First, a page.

Consumer credit outstanding contracted by 10.4% in the month of July according to the Federal Reserve report released yesterday, September 9, 2009.  Not nearly enough attention is being focused on this data.  The July reduction in consumer debt was the largest drop since the Federal Reserve has maintained the records back in 1943.  This supports the comments by Meredith Whitney regarding the questionable nature of an economic recovery in which consumers are spending less and unable to access credit.

In the long term, this may very well be good a transformation for the economy but the in the near future economic growth is not likely to amount to much. 

In the mean time, Treasury rates were mixed to close the day on Wednesday.  The six month Treasury fell two basis points moving from 0.24% down to 0.22%.  The one year Treasury was lower by one basis point to close at 0.40%.  The five year Treasury was unchanged at 2.38%.  The ten year gained one basis point to end at  3.48%.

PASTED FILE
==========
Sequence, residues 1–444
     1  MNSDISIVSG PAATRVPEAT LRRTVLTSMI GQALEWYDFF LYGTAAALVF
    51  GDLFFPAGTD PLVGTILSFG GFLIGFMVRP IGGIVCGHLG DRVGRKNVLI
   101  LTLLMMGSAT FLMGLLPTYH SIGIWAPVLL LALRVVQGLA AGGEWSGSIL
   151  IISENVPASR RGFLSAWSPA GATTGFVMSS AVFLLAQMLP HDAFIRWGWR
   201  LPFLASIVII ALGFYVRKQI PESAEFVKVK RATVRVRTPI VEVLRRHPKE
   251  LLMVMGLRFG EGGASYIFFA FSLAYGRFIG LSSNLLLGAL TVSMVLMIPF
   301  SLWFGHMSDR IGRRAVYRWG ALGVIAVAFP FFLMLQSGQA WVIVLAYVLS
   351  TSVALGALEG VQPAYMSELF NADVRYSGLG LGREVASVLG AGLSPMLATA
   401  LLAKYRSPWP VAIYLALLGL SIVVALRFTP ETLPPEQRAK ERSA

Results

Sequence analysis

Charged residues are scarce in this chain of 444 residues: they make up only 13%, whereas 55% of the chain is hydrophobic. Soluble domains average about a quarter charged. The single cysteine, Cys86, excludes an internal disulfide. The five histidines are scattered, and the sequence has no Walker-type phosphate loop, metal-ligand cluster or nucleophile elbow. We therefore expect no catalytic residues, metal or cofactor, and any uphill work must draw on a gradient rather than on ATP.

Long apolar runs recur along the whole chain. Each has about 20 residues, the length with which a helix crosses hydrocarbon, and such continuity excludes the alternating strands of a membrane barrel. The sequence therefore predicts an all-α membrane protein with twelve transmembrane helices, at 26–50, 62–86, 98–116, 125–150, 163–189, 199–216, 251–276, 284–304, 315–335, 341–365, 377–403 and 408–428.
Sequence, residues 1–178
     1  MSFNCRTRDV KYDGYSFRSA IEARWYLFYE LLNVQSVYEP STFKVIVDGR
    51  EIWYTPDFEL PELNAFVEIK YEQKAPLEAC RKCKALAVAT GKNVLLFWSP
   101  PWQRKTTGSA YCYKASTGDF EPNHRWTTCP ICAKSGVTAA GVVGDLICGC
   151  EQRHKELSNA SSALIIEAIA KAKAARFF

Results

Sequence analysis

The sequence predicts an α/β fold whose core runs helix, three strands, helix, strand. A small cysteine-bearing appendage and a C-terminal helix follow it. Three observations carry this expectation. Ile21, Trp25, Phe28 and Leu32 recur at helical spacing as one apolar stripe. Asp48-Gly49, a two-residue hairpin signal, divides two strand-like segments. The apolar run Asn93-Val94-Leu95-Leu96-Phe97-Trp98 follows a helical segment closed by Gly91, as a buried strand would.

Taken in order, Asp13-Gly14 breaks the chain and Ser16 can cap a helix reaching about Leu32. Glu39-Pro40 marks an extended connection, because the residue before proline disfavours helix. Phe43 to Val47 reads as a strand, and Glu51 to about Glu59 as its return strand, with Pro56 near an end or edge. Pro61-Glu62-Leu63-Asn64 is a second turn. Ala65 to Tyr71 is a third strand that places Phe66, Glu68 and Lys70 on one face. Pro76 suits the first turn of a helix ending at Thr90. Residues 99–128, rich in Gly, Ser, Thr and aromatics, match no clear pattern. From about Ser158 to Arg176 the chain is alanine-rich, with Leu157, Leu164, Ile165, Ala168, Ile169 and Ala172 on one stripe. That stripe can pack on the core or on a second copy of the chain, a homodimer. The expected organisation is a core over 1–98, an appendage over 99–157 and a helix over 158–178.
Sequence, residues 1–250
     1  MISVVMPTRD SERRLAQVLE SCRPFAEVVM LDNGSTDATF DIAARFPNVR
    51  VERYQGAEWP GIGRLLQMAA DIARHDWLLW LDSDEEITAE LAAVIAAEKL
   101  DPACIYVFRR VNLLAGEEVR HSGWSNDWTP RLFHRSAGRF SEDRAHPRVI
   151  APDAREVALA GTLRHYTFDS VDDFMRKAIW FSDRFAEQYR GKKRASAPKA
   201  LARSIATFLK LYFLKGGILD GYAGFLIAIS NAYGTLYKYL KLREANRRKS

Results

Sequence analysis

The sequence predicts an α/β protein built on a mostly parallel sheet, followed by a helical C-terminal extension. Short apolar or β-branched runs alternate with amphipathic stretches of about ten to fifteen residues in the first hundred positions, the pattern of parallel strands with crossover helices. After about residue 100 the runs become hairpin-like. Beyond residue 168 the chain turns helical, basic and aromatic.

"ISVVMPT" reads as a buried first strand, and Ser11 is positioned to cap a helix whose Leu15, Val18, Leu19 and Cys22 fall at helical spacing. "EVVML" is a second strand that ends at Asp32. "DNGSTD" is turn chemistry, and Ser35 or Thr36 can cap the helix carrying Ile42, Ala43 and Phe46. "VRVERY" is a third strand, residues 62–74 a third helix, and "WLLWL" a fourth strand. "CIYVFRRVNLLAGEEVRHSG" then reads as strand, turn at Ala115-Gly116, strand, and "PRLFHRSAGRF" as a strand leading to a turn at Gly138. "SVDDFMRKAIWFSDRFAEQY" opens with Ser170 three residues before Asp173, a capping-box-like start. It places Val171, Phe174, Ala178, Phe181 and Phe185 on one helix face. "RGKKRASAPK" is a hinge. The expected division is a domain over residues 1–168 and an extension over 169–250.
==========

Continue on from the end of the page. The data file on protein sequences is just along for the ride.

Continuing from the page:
This week more banks are slightly more aggressive with their CD rate marketing efforts.  In the category of Texas CD rates with a 6 month term there are several banks with rates over 2.00% which is well above the national average.  New York CD rates with terms of two years or less also has a few banks with rates above the best national bank CD rates.  Odd term CDs and regional bank CD rate offers are still presenting the greatest opportunities for the best CD rates.

Tags: , , , , , , , ,

No user commented in " Bank Rates and Consumer Credit "

Follow-up comment rss or Leave a Trackback

Leave A Reply

 Username (*required)

 Email Address (*private)

 Website (*optional)